With the recent establishment of the twinning steering committee as a way forward, the National Parliament of Solomon Islands is very keen to see renewed and active engagement in the next few years to build on the good work that has already been done. Looking forward to the future: Clerk of the NPSI, Clezy Rore at the twinning workshop at the 2017 Presiding Officers and Clerks Conference, Sydney.

– The Hon Ajilon Jasper Nasiu, Speaker of Solomon Islands Parliament


The setting up of a steering committee in the New South Wales Parliament is a gesture – a commitment that there are opportunities for us to discuss a way forward. For us in Bougainville we are considering a new dawn, a new chapter as far as the twinning arrangement is concerned. –R obert Tapi, Clerk of the Bougainville House of Representatives


From the Secretary General Congratulations to the National Parliament of Solomon Islands, Bougainville House of Representatives and the New South Wales Parliament on the 10th anniversary of your twinning relationship. I wish to take this opportunity to congratulate you for your continuing energy, enthusiasm, and commitment to supporting the special and enduring relationships that have developed from successful Twinning Programs here in Australia and the Pacific. These relationships exemplify the very nature and purpose of the Commonwealth as a force for good, and an effective network for cooperation for promoting development, as stated in our Commonwealth Charter. Last year, when I was appointed by the CPA General Assembly, the 7th Secretary-General of the CPA, what struck me most about the association was this unique ability to build capacity through peer-to-peer learning. The extraordinary successes of the Twinning arrangements here in Australia and the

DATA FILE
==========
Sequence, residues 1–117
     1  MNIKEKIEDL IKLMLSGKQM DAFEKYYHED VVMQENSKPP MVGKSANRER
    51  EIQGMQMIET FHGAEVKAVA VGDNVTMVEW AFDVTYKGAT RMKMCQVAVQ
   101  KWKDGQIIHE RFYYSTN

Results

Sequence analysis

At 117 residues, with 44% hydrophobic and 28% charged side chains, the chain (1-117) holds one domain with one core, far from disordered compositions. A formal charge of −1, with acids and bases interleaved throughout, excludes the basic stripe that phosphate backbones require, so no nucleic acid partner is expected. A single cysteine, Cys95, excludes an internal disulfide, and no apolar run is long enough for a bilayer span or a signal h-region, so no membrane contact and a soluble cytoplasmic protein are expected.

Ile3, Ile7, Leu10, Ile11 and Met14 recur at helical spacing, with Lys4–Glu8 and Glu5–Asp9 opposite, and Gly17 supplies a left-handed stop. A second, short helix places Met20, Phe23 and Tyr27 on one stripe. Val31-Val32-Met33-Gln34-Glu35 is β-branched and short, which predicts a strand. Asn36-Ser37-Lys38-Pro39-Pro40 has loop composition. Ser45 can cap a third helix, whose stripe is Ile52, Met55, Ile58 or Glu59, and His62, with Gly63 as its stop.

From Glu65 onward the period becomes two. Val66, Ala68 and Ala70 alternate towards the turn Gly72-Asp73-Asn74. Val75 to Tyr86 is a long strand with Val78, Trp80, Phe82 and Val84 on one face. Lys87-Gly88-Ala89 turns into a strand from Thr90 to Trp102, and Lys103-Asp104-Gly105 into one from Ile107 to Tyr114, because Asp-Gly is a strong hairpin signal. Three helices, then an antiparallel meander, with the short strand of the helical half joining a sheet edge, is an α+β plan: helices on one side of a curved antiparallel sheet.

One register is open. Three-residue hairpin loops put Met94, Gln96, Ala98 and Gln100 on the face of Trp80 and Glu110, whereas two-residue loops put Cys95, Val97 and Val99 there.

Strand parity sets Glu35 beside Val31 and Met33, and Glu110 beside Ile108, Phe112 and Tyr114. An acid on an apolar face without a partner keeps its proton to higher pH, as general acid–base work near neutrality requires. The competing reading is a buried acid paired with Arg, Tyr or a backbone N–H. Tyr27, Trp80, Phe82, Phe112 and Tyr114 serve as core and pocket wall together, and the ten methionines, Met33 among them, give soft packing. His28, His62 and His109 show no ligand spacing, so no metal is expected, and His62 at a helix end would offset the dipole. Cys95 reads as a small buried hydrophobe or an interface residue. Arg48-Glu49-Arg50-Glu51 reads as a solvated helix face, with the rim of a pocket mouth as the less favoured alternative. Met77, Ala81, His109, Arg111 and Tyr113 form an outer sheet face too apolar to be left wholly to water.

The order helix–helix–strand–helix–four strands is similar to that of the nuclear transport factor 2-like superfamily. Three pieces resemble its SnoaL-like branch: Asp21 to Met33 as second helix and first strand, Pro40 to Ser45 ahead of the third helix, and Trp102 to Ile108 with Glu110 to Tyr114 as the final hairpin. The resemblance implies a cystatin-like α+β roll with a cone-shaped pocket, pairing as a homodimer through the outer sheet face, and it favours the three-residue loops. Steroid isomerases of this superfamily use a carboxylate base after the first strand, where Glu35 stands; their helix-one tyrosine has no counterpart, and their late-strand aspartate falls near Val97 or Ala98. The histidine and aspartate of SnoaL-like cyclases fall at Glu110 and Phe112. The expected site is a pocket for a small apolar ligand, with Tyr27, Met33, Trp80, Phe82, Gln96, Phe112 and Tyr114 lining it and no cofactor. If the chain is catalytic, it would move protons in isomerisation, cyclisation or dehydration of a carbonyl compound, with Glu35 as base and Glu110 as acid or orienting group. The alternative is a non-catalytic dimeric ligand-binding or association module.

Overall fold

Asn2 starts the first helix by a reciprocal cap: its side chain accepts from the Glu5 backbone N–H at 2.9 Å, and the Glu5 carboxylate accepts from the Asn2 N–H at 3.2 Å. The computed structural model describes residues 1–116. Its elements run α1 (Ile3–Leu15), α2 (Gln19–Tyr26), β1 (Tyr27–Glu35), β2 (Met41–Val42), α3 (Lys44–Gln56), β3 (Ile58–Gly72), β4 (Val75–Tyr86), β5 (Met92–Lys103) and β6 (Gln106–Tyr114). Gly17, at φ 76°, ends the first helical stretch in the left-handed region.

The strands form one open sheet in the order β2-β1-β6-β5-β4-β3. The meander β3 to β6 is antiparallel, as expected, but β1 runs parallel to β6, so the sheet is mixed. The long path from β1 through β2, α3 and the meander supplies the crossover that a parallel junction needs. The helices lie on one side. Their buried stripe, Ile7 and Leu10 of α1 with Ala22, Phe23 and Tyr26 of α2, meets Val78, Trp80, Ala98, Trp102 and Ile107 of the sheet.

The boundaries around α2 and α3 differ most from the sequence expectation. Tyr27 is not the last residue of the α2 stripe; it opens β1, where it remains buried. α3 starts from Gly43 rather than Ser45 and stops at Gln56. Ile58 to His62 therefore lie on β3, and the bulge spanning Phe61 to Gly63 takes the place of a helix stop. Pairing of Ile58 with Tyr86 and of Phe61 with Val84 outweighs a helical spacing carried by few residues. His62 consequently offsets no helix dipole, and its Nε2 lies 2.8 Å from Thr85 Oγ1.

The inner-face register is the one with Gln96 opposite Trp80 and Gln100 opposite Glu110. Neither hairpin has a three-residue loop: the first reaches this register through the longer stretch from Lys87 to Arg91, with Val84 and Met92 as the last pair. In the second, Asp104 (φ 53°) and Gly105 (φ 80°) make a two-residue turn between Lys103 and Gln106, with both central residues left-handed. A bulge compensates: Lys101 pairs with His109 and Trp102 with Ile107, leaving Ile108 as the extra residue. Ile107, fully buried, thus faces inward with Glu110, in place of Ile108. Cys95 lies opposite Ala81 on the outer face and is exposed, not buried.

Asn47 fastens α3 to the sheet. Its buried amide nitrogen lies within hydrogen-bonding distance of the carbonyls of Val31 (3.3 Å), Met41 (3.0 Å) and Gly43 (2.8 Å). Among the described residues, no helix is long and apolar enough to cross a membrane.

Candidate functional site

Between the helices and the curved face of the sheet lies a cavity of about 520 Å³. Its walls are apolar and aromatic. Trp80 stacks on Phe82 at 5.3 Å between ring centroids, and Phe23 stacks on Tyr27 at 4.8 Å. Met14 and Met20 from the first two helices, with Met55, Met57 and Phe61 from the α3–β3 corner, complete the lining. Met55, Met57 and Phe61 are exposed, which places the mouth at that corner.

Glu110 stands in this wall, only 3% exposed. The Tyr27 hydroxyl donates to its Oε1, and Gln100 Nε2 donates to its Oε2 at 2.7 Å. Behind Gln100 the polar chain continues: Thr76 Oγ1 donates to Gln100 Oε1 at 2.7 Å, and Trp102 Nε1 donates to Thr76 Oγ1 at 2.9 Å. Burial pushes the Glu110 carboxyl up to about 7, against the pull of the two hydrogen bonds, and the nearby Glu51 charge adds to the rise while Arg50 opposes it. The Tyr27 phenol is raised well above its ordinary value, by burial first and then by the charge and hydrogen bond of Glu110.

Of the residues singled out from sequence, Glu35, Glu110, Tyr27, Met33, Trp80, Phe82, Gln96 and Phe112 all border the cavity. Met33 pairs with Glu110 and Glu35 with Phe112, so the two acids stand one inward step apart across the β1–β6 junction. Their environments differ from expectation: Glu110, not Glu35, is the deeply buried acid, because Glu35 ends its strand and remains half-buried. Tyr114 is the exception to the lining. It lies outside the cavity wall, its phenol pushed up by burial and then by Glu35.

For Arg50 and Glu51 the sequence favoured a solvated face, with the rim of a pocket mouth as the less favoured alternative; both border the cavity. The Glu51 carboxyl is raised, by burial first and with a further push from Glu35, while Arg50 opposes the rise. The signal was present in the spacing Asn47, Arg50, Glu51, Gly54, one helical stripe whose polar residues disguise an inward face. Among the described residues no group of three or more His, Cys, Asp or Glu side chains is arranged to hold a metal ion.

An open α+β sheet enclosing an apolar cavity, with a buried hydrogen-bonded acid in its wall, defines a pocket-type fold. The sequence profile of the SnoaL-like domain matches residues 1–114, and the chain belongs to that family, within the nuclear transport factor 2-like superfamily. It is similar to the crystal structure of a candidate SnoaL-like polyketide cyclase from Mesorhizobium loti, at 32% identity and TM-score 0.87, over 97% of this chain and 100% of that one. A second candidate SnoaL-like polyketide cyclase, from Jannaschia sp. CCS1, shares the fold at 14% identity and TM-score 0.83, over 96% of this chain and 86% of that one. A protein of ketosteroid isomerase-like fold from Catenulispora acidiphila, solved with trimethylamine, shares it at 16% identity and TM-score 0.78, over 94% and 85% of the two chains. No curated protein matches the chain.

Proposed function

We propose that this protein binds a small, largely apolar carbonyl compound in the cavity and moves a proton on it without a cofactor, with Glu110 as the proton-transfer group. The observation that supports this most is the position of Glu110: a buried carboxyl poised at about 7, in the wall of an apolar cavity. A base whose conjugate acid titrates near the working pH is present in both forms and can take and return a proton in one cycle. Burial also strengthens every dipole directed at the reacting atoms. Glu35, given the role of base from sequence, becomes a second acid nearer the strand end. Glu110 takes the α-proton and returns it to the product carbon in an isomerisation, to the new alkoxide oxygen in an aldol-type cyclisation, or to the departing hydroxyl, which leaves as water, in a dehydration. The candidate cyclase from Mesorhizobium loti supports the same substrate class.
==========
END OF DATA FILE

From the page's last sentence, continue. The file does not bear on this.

Pacific have inspired and motivated regions to create a similar development platform. It is through the CPA vehicle that Parliaments continue to exchange expertise, skills, and knowledge to generate innovative and sustainable solutions to common problems and challenges facing 21st century Parliamentarians and their Parliaments. I congratulate you once again for the pioneering work that you have undertaken in your regions to support the CPA’s goal of supporting Parliamentarians and their staff to practise good governance across the Commonwealth. Thank you and I wish you well for the next 10 years. – CPA Secretary-General, Akbar Khan


On warm welcomes and new opportunities A message from the Hon Don Harwin MLC, former President of the Legislative Council (2011–2017). Melanesia is a magical place. Even though it is on our doorstep, few Australians know much about the nations of that region. Ever since I visited the western province of Solomon Islands in August 2010 as part of an official election observation team, I have been fascinated by the region. On that visit, I became aware of the complex and tragic recent history of that country, where ethnic cleansing and armed conflict led to over 500 deaths between 1998 and 2003. After I read more about the region, I realised that nearby on the island of Bougainville, the deaths in the civil war that raged between 1988 and 1998 are estimated to be in the range of 15–20,000 islanders.